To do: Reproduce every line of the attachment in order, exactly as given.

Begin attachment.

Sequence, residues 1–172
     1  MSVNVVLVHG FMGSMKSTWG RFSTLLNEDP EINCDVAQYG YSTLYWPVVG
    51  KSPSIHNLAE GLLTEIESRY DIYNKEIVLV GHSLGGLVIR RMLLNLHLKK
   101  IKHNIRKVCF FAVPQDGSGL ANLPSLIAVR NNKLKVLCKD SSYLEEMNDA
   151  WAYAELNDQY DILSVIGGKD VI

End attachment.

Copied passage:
Sequence, residues 1–172
     1  MSVNVVLVHG FMGSMKSTWG RFSTLLNEDP EINCDVAQYG YSTLYWPVVG
    51  KSPSIHNLAE GLLTEIESRY DIYNKEIVLV GHSLGGLVIR RMLLNLHLKK
   101  IKHNIRKVCF FAVPQDGSGL ANLPSLIAVR NNKLKVLCKD SSYLEEMNDA
   151  WAYAELNDQY DILSVIGGKD VI